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SGMC Urges Greater Awareness of PAD

Posted on: September 26th, 2016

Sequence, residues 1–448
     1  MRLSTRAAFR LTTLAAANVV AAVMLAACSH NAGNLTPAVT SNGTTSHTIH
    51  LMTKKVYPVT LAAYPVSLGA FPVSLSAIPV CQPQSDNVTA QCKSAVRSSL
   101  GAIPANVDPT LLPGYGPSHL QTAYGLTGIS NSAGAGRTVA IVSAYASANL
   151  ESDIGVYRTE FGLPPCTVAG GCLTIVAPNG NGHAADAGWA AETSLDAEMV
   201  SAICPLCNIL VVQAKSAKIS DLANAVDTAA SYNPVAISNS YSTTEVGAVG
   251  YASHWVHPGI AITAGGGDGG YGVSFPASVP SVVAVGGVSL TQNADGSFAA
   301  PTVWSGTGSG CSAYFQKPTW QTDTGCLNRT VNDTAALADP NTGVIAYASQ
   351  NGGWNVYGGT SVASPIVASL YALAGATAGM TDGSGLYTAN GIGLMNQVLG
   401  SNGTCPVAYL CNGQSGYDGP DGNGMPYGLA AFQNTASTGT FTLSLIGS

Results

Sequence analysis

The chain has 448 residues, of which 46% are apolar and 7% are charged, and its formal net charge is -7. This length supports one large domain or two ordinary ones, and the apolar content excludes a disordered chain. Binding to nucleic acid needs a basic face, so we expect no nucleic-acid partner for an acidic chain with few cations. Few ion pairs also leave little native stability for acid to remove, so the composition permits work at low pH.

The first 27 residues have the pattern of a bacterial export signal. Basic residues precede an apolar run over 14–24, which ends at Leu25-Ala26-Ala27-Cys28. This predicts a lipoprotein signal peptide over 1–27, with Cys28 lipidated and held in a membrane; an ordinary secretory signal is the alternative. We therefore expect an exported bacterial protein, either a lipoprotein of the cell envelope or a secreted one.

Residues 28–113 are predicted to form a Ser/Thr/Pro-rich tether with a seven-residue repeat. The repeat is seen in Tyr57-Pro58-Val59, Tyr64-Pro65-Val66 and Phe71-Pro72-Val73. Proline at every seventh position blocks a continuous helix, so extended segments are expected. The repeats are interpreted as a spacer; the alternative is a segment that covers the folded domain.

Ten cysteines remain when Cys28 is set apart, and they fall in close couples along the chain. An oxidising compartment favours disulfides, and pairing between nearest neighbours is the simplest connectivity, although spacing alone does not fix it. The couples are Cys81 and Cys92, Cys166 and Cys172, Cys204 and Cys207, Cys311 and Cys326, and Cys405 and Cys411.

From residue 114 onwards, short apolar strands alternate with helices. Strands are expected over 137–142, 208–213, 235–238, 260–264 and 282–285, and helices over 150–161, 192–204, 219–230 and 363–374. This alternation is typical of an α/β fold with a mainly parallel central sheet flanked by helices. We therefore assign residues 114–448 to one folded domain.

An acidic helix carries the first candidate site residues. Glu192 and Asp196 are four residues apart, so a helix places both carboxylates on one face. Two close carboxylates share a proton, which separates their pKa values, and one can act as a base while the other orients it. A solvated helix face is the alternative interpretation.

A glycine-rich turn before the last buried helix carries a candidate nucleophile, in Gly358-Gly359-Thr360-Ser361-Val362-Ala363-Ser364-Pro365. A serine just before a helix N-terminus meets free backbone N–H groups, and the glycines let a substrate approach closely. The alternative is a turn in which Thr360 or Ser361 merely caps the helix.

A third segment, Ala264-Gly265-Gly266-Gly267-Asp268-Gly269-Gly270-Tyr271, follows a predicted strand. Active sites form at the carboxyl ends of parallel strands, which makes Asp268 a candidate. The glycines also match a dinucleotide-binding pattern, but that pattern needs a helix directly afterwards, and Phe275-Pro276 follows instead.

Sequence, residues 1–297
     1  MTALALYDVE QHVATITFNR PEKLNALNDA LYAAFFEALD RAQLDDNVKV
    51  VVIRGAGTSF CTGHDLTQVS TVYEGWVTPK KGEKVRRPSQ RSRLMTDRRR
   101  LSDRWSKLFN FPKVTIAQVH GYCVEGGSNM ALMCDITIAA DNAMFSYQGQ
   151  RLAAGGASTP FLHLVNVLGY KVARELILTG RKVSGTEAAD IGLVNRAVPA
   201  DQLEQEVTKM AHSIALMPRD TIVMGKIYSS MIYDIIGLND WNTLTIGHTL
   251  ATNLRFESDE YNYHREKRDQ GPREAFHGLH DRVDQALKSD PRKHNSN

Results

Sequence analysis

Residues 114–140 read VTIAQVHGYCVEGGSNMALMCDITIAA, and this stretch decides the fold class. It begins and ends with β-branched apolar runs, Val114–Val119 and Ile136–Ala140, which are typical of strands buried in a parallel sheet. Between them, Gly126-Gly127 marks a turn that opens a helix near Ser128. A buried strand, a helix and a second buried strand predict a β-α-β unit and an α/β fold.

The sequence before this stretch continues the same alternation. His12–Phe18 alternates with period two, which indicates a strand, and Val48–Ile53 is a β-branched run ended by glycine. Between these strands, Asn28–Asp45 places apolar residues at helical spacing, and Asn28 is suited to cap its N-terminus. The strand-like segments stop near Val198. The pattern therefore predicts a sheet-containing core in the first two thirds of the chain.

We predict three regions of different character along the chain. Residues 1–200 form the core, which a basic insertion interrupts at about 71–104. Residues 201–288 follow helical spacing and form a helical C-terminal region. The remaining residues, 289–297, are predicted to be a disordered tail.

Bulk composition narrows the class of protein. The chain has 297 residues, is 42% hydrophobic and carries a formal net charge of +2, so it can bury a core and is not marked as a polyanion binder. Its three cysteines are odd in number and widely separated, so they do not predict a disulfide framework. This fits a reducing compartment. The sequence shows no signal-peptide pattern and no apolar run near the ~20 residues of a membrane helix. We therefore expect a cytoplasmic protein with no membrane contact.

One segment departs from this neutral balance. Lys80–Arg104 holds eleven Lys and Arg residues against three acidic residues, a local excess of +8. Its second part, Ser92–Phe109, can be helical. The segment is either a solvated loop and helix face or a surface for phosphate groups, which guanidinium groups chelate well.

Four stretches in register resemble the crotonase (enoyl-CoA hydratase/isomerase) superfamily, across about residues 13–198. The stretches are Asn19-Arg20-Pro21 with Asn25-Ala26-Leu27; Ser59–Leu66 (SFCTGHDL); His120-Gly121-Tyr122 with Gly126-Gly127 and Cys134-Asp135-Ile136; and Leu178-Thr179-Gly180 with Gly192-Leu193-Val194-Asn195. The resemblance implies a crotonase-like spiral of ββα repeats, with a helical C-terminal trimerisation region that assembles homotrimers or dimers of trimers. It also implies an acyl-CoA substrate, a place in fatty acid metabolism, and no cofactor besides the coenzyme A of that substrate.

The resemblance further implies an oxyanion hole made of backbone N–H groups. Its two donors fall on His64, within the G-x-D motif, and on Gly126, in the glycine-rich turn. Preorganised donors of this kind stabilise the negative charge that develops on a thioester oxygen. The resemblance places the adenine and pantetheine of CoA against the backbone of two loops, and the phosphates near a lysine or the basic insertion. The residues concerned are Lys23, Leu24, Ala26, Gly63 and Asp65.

Eighteen million Americans suffer from peripheral artery disease (PAD) which is potentially life threatening, and if left untreated can have grave consequences. During PAD Awareness Month this September, SGMC urges people to learn more about the disease, risk factors, symptoms and treatment options—in order to save limbs and lives. With a proper diagnosis and treatment plan, most patients can manage the symptoms and avoid extreme complications, such as amputation or heart attacks. “PAD is a serious condition that is very common in South Georgia but the good news is that it’s treatable,” says vascular and endovascular surgeon Maurice Solis, MD, SGMC CardioVascular Institute.The risk for developing PAD rises with age and is highest for those over 50 years old. Smoking, the single greatest risk factor, increases the chance of developing PAD three to five times. But other common risk factors include diabetes, high blood pressure, abnormal cholesterol levels, and heart disease.The symptoms of PAD can often be overlooked allowing the disease to progress to a more severe state before it is diagnosed. The most common symptoms are:  Leg pain that occurs when walking or exercising and disappears when the activity stops  Tired legs, cramping, heaviness or coldness in the lower legs  Foot or toe pain at rest that often disturbs sleep: cold or numbness in the feet or toes  Wounds on the legs or feet that are slow to heal (more associated with CLI) Despite the severity of PAD, only 26 percent of Americans are familiar with it. Fortunately, there are several treatment options such as lifestyle adjustments, like quitting smoking and eating healthier, or medications, can be effective for many. In severe cases, various procedures including minimally invasive vascular surgery or bypass surgery may be necessary to restore blood flow to the limbs to prevent an amputation.“At the SGMC CardioVascular Institute we provide diagnostic tests, surgery and minimally invasive treatements for PAD and other Vascular Disorders,” says Dr. Solis.Visit LivingWithPAD.com or Take-A-Stand.com to learn more, and talk with your doctor if you think you may be at risk. Visit www.sgmc.org/CVI for more information on treatment options.